Friday, December 13, 2013

Boston: The Best Bits

Before the Christmas rush began, we had a week in Boston over the Thanksgiving period. Some sightseeing, some shopping - a great holiday, even if it was the coldest week of the winter thus far. If you're visiting Boston, here are some of the highlights we enjoyed:

1. Harvard University Tour *
You have the option of paying $10 or more for some tours, but we went on the free tour of Harvard Yard with a student tour guide. Our tour was well informed, giving us lots of information about the history of Harvard, the oldest university in America, as well as lots of trivia about the New England architecture, and what it's like to study at such a prestigious place of learning.
The Memorial Church

2. The JFK Library and Museum
JFK Library
John Fitzgerald Kennedy, JFK, was born and raised in Boston and had served as Senator for the State of Massachusetts before becoming President of the USA. The Library and Museum built in his memory is worth visiting for the view of the Boston skyline from the (disappointingly poor) cafe. The museum is fairly detailed, although, due to a little bit of confusion, we were ushered past the first cinema which actually dealt with the assassination and funeral. The tour proper begins with a presentation of JFK in his own words, compiled from hours of video interviews and footage of his childhood and early campaigning. It's probably the best bit of the whole museum. After that, the visitor is brought through a series of exhibitions, from the presidential candidate interviews, election count, inauguration, and a replica of parts of the White House, including the Oval Office. You'd need to be fairly fanatical about the Kennedys, though, as the level of detail can be a bit overwhelming.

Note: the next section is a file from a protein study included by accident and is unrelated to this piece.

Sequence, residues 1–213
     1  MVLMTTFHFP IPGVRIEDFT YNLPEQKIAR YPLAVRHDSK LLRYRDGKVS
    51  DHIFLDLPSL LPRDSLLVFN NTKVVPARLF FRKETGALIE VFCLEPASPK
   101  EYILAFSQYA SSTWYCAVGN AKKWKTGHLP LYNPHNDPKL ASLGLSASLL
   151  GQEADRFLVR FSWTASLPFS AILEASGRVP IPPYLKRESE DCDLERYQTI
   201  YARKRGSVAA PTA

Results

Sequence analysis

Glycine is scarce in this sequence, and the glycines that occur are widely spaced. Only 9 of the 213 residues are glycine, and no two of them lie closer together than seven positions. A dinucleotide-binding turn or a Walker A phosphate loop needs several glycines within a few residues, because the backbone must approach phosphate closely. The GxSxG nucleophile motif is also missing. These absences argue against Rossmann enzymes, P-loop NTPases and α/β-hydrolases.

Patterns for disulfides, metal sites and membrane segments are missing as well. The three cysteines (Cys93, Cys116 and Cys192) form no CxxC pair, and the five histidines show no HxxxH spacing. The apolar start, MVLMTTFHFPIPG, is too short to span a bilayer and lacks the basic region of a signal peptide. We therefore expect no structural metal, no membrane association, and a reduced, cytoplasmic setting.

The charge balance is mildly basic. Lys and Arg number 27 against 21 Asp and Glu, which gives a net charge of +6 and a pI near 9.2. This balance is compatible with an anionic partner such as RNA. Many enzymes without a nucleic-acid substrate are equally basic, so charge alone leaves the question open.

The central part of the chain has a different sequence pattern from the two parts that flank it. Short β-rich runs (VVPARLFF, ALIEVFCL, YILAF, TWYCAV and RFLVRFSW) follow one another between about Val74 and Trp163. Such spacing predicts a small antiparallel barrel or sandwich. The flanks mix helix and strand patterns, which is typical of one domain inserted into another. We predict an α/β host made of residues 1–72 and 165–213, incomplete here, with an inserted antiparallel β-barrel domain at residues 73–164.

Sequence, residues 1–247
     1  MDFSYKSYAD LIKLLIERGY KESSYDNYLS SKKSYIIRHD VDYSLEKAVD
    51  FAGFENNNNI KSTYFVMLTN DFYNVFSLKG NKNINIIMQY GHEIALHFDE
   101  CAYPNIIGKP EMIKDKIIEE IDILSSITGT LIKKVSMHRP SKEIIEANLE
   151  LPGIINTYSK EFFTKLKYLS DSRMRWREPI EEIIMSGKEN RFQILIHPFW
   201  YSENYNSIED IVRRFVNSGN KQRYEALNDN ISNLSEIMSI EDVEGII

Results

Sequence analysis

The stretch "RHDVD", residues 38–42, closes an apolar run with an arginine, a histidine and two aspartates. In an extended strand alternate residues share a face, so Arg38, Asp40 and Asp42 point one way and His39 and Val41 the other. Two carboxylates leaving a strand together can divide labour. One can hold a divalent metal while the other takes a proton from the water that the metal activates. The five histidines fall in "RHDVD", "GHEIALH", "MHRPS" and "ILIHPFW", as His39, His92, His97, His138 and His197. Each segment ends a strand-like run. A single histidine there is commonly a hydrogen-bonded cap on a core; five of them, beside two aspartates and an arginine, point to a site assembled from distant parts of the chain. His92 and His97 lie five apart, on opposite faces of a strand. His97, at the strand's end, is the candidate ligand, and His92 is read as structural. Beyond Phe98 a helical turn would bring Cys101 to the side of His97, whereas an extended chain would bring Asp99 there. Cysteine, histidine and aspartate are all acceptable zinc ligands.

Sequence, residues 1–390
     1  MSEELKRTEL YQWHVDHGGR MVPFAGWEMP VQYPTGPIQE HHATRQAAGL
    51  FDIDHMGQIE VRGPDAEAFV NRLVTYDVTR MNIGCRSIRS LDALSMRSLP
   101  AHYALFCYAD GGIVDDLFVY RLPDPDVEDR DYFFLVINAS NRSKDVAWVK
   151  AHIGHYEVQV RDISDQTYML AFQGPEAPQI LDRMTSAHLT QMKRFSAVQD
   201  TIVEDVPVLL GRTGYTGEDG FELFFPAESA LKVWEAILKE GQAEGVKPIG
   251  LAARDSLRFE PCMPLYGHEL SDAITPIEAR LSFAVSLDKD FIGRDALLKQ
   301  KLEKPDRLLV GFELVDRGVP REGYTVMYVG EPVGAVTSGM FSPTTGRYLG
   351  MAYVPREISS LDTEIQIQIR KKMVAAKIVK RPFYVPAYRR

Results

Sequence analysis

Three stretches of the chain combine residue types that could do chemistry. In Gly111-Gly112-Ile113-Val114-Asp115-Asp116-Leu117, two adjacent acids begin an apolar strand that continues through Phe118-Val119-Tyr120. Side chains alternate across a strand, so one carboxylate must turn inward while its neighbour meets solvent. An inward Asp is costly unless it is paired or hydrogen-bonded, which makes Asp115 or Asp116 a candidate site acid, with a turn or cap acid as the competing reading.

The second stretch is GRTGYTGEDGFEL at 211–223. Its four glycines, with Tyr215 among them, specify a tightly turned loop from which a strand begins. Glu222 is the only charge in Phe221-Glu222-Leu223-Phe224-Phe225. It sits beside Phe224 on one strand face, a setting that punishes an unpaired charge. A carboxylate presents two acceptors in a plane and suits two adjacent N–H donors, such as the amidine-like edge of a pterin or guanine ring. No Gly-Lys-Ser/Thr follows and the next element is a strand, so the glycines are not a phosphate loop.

Massive Stars and Stripes

3. Skywalk Observatory: The Prudential Center
Trinity Church and the Hancock Tower
This might be the very first thing you should do on arrival in Boston. The Prudential Center is a massive shopping centre with lots of shops, eating places, hotels and lots besides. The 50th floor of the Prudential Tower is a brilliant observatory with audio guides telling the visitor what they're looking at across the skyline of Boston. The guide also tells you about lots of other visitor centres and tourist attractions, so that's why I say it should probably be done first. On a clear day you can see for miles, and it's also open until late in the evening if you wanted to see the city in a different light. Probably because it's enclosed (and therefore warmer), I enjoyed this more than the top of the Empire State Building in New York.
Fenway Park

4. The Freedom Trail
Freedom Trail Tour Guide
Boston was at the heart of the American Revolution and independence from Britain. The Freedom Trail brings the visitor from Boston Common along a red brick path through the city centre past some of the important sites and sights connected with the independence movement. The path is well marked, and you could follow it yourself. We decided to go on one of the official tours with a guide, who would hopefully be able to tell us more than we knew about the American Revolution. He was the best tour guide - funny, informative, knowledgeable, and inspiring. He really did bring history alive as we walked along the streets and stopped at the key sites.
The Old State House
The State House